My Guest This Week Lorraine Tosiello

How the Only Gossip Prospers: A Novel of Louisa May Alcott in New York Came to Be


BACKSTORY
Four years ago, I visited Emily Dickinson’s home and Louisa May Alcott’s home on sequential days. I was struck with a feeling, a hunch, a wild idea that the two women might know each other. I came home and read everything I could about the two of them. They have multiple common friends, MULTIPLE, from Louisa’s hero Thomas Wentworth Higginson (who was Emily’s first editor) to Emily’s Norcross cousins, who lived in Concord and attended Bronson Alcott’s School of Philosophy, and believe me many many more. But of course, no clear documented connection existed between these two women who seem from absolute different universes yet lived exactly contemporaneously in Massachusetts.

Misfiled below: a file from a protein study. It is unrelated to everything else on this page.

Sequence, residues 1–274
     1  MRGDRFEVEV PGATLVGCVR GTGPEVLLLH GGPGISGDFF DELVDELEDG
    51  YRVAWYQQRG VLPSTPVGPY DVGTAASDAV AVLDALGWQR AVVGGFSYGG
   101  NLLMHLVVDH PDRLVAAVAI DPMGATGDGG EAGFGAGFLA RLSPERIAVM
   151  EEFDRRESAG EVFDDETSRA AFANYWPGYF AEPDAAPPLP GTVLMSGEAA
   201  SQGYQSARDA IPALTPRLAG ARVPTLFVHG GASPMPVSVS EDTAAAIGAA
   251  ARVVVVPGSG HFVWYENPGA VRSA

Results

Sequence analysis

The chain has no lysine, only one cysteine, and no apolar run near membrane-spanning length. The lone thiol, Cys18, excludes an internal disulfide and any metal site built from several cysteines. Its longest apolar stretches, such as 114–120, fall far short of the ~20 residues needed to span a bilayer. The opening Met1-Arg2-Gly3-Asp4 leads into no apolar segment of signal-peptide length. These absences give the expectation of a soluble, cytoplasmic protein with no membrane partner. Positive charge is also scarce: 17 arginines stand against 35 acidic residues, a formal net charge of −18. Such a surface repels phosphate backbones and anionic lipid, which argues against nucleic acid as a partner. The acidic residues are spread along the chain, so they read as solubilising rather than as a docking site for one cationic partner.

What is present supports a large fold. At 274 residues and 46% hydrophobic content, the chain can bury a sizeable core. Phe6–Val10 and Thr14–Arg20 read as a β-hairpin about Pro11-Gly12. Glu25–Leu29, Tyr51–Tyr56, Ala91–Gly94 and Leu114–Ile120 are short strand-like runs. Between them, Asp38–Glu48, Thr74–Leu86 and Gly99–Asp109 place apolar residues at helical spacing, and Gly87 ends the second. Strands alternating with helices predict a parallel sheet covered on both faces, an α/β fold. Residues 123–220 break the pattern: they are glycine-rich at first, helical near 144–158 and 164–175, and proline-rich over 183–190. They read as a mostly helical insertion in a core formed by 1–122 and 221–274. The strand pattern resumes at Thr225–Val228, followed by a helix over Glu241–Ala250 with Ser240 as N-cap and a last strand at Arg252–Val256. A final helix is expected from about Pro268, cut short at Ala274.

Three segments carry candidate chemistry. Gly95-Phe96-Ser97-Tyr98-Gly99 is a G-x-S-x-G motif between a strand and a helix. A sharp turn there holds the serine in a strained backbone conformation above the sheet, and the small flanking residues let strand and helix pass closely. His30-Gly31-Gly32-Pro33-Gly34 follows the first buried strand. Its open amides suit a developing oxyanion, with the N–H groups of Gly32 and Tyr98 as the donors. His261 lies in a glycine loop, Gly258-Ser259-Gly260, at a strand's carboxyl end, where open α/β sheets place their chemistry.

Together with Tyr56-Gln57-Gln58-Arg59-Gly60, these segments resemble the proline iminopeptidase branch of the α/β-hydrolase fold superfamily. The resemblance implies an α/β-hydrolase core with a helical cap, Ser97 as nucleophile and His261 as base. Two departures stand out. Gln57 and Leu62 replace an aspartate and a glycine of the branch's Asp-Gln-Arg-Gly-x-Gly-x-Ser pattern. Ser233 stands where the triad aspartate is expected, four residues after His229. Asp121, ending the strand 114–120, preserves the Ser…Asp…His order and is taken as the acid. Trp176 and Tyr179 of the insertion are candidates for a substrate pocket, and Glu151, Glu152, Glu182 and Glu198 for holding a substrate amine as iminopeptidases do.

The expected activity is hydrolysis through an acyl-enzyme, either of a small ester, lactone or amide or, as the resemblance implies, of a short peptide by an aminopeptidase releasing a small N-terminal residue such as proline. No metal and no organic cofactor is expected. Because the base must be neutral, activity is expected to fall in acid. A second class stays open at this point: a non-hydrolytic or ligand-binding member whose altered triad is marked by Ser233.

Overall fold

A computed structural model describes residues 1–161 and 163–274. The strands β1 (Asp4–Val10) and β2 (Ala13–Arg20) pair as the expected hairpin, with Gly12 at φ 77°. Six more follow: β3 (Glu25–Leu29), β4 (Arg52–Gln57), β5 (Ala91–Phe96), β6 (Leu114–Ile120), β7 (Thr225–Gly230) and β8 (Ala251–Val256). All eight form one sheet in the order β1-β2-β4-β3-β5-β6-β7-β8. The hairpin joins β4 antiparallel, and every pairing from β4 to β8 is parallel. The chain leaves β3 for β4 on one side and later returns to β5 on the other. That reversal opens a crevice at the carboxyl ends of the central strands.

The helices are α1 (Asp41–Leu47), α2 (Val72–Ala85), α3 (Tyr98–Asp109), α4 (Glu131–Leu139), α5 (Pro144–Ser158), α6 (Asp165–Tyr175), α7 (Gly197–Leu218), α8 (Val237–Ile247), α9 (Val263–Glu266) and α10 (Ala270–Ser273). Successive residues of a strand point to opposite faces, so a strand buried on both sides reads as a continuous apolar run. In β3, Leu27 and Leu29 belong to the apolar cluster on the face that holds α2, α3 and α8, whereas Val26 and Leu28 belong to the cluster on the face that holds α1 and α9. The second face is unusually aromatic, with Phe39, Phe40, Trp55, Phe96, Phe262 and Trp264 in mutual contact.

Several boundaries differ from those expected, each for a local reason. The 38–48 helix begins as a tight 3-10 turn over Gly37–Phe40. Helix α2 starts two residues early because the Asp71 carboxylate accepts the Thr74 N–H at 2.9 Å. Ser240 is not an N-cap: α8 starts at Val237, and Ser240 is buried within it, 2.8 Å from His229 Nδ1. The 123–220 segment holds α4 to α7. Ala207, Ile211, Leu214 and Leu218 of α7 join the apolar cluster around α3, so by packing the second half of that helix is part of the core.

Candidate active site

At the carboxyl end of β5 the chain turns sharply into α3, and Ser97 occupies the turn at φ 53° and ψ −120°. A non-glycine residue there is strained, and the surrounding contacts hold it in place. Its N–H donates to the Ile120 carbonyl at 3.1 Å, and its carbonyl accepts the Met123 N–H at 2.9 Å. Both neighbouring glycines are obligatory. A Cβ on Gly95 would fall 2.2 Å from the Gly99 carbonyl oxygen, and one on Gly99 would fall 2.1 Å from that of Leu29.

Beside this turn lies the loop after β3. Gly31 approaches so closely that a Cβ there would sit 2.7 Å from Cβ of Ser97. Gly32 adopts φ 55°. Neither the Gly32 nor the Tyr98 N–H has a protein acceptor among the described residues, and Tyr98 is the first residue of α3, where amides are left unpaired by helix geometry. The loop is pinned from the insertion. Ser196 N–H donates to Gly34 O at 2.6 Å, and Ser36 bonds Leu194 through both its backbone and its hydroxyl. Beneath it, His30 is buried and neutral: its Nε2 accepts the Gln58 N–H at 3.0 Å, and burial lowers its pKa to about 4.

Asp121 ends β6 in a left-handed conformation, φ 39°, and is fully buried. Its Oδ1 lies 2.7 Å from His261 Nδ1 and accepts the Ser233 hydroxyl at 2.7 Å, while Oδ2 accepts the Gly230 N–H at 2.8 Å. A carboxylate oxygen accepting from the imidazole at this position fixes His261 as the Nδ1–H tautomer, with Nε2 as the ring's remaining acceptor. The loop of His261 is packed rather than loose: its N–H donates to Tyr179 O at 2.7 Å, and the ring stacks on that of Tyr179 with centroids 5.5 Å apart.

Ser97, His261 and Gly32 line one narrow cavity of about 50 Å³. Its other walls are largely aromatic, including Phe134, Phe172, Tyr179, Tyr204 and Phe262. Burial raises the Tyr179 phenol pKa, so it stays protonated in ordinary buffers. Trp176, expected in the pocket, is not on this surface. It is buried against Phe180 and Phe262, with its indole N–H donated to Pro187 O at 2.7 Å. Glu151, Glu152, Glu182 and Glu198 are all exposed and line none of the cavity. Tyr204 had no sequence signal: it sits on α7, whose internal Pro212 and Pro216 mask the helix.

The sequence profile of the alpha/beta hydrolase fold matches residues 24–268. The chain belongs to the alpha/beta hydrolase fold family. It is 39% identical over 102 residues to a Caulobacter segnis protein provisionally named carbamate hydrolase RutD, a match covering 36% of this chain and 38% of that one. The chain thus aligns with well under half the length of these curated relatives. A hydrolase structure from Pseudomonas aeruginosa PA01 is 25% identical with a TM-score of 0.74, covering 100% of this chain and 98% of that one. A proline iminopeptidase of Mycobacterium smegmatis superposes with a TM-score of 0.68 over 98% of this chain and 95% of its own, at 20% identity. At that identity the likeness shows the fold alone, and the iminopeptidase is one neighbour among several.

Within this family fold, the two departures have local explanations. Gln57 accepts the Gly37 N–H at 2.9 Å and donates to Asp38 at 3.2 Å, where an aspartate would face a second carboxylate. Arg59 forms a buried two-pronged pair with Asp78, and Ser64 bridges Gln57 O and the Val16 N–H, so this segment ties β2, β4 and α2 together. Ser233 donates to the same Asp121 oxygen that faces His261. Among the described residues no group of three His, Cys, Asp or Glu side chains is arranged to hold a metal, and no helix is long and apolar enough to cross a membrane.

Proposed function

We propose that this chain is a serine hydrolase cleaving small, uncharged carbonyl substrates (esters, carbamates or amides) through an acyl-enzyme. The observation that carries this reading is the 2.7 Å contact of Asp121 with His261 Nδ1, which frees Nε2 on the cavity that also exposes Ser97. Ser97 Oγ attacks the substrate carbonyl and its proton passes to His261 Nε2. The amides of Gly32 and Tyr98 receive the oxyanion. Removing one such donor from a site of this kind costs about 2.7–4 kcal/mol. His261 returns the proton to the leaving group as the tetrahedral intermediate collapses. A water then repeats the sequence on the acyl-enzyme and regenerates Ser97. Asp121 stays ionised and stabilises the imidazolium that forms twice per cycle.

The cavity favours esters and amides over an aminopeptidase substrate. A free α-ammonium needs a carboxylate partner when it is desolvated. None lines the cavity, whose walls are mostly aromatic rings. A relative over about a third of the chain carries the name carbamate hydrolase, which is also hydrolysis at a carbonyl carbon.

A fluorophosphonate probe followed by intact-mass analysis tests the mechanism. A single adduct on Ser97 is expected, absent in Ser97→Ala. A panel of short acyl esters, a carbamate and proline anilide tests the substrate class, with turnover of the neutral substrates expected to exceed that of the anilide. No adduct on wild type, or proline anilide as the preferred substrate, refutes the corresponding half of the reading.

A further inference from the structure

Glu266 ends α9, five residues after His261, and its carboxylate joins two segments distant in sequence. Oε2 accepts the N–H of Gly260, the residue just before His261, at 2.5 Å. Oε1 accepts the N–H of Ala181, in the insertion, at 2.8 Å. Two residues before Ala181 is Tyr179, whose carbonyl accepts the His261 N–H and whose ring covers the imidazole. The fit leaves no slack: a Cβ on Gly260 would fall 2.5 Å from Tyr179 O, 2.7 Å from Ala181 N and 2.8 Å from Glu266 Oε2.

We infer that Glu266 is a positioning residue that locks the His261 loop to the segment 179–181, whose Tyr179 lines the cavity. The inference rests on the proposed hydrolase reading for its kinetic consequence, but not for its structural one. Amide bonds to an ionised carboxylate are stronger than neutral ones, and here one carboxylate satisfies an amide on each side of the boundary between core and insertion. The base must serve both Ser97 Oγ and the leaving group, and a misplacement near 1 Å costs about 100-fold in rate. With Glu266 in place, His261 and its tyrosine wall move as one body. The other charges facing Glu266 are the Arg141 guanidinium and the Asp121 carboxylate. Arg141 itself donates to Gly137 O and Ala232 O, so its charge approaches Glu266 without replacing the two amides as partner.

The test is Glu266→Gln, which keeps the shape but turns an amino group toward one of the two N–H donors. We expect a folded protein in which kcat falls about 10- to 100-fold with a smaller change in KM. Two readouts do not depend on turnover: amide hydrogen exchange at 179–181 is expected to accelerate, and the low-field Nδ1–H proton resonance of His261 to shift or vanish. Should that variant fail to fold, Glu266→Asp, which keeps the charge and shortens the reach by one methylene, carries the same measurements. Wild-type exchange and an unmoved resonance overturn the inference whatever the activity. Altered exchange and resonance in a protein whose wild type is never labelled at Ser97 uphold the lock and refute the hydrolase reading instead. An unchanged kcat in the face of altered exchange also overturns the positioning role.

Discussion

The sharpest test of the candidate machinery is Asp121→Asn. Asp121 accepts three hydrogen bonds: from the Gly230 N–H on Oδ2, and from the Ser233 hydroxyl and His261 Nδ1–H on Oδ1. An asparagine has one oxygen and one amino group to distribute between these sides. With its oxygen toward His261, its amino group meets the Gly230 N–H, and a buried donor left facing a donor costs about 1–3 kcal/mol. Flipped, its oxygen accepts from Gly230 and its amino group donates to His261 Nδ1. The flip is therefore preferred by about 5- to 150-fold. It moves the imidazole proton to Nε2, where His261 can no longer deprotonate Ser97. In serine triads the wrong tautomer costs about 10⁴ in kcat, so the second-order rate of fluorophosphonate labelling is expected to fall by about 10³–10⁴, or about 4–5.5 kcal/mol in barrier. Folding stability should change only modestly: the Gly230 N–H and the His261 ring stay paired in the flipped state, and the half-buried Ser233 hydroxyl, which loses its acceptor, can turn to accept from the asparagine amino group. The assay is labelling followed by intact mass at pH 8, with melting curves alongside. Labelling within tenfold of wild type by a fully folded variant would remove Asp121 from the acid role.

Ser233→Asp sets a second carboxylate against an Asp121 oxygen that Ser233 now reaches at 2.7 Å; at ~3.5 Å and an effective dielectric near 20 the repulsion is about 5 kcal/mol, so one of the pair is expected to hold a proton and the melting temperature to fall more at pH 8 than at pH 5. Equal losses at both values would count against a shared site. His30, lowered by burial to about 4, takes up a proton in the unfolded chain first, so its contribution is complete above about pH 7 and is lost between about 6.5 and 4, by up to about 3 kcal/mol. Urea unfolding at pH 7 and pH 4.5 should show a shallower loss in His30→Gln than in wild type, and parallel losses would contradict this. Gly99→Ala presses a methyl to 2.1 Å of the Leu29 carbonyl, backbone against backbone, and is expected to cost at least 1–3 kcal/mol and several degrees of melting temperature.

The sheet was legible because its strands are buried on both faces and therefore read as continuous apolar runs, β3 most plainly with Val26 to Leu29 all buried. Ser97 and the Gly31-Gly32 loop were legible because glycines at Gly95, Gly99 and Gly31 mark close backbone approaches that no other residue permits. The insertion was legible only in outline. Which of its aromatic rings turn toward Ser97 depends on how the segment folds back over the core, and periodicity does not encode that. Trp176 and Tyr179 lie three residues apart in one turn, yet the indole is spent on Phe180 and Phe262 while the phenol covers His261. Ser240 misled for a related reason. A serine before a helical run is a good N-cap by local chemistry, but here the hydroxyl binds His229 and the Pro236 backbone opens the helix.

Emily Dickinson
Three months later, I reconnected with a high school friend (we are in our early 60’s!) and asked her impetuously: “Who is your favorite poet?” “Emily Dickinson”, was the reply of course. And Louisa May Alcott reigned for me as the guiding light of my life, morally, socially, personally. Emily and Louisa.

Louisa May Alcott
Thus, a book began, in completely episulatory style, letters between the “secret pen pals” Emily and Louisa. I write the Louisa letters and Jane writes the Emily letters. We are about two-thirds finished and the work is luminous. However, my Emily, being Emily, is much more thoughtful and reticent to write, so Louisa is waiting for some letters owed…..and it was suggested that rather than twiddle my thumbs waiting for Emily to catch up,  that I write a novel about Louisa May Alcott.

THIS NOVEL